Misinformation isn’t a new phenomenon. With the rise of the internet has come the rise of opportunity for misinformation to spread. It’s a fake news pandemic. Where does PR fit in?
The COVID-19 pandemic in particular saw a massive spike in misinformation online.
Over the past four years, online misinformation or fake news, has become its own, just as insidious, pandemic.
In the wake of fake news accompanying the pandemic, political party turnovers and turmoil, and the Ukraine-Russian war, it is unsurprising that in March 2022, 89% of Australians reported feeling worried about the spread of fake news online.
Oxford University Press’ recent report, The Matter of Fact, outlined similar confusion globally. Nearly 3/4 of those surveyed agreed that the pandemic has made them more cautious about the accuracy of the information they encounter, and 69% said that it has become harder to clarify if something is true.
It’s also become common for organisations and institutions to interact with, comment on, and utilise current events within their marketing and public relations (PR) communications.
However, in an age where misinformation is rife and trust is hard-earned, how does PR cut through the noise and make itself heard? And how can PR professionals play their part in combating fake news?
How do people feel about PR and businesses in 2022?
As of 2021, 29% of people have reported foregoing the news altogether to avoid misinformation. But the fake news pandemic isn’t just impacting the news industry.
The 2022 Edelman Trust Barometer Global Report shows that trust in institutions such as Government, Business, and NGOs, along with Media, is falling steadily. In fact, 76% of people globally fear that fake news will be used as a weapon by the Government and Media in particular.
Often, fake news comes from unreputable sources and via mediums such as social media. However, on occasion, the fake news pandemic can be increased by those within the media and public relations sphere.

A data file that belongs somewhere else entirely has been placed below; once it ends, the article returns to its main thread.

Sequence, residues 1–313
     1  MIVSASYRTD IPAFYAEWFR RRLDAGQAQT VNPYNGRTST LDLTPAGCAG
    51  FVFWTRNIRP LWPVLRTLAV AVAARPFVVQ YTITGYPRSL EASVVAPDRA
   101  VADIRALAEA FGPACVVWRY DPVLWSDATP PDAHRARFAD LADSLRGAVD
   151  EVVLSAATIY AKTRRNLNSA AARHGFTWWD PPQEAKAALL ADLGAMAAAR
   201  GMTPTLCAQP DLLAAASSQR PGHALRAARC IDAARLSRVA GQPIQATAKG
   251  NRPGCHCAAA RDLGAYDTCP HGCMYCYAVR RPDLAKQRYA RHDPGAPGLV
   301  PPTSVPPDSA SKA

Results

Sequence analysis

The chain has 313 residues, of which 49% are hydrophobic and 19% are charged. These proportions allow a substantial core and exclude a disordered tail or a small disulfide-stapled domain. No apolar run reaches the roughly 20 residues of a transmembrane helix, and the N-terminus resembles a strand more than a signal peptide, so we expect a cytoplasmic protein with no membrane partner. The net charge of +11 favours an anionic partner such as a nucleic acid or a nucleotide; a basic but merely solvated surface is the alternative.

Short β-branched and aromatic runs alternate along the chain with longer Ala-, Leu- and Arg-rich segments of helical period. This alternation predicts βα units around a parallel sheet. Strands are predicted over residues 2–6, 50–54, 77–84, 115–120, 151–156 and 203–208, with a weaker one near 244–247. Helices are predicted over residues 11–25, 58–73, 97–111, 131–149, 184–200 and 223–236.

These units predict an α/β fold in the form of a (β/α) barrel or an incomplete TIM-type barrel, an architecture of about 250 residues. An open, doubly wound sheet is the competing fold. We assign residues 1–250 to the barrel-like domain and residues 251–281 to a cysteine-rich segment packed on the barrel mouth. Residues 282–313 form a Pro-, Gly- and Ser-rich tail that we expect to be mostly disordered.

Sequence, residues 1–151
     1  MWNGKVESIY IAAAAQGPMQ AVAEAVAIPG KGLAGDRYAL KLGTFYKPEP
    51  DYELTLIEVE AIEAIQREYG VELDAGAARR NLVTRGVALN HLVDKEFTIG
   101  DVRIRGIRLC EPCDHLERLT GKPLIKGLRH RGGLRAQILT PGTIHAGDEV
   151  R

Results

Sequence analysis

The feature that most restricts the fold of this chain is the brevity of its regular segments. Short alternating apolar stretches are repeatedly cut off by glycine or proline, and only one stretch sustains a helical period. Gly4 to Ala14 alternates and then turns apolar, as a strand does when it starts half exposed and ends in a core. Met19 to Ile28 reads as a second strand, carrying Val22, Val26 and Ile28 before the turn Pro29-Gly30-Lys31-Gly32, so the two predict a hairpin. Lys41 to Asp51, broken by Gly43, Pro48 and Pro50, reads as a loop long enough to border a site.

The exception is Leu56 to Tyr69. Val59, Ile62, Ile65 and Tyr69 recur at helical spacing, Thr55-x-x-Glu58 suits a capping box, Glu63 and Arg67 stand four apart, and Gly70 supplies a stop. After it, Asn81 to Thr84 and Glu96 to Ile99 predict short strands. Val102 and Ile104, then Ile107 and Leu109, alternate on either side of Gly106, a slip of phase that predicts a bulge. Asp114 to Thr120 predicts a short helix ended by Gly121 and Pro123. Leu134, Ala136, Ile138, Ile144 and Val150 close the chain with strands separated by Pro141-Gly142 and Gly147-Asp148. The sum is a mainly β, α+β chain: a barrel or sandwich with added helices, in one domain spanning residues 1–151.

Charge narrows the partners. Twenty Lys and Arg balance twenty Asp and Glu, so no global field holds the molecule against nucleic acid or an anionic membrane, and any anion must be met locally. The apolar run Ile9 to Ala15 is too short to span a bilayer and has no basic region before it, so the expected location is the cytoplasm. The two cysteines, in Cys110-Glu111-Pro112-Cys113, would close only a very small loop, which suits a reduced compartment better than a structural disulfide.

Ways this can happen are varied, but include:
- Clickbait headlines, which are often misleading or overdramatised to encourage more clicks and engagement. This is the online legacy of stunt marketing and publicity stunts.
- Satire or parody news sites and stories, such as those shared by the Onion or the Betoota Advocate. While these aim to satirise news sites, their headlines are often misconstrued by publics as factual.
- “Sloppy” or unreliable journalism, often occurring when there is pressure to release news faster than competitors. This itself is an impact of the saturation of media and news posted online.
- Finally, the most damaging form of news of all is that which is intentionally deceptive. Think Donald Trump and his administration’s management of COVID-19, during which he spread fake news including unverified COVID-19 treatments on the US’ largest TV stations.
In result, people are wary not just of media sites, but of institutions and organisations themselves. Particularly if the fake news creates trends which are then engaged with by the institutions.
How can PR help stop the spread of fake news?
While a key solution to the fake news pandemic is overall media literacy in communities, PR professionals play an integral role too.
For one, we must ensure that our contribution to the online noise is reputable and does not support the spread of fake news.
We must encourage transparency and clear dialogues with institutions, media, and the public.
As outlined by Senior News & PR Manager at Oxford University Press, Grace Carruthers, it is also the role of PR professionals to be both proactive and reactive interchangeably, as fake news panic also fuels cancel culture, and we watch demonstrations of brand and organisational values rapidly turn into a case study for being performative, and called out virally online.
Instead of jumping on the bandwagon, organisations and their PR teams must acknowledge biases. As PR professionals, we must encourage our clients to be authentic in all communications, even when at times it can be uncomfortable or “untrendy”.
Good business is not always conducive to going viral, but it is the key to longevity and trust from clients and the wider public and our safety within online spaces.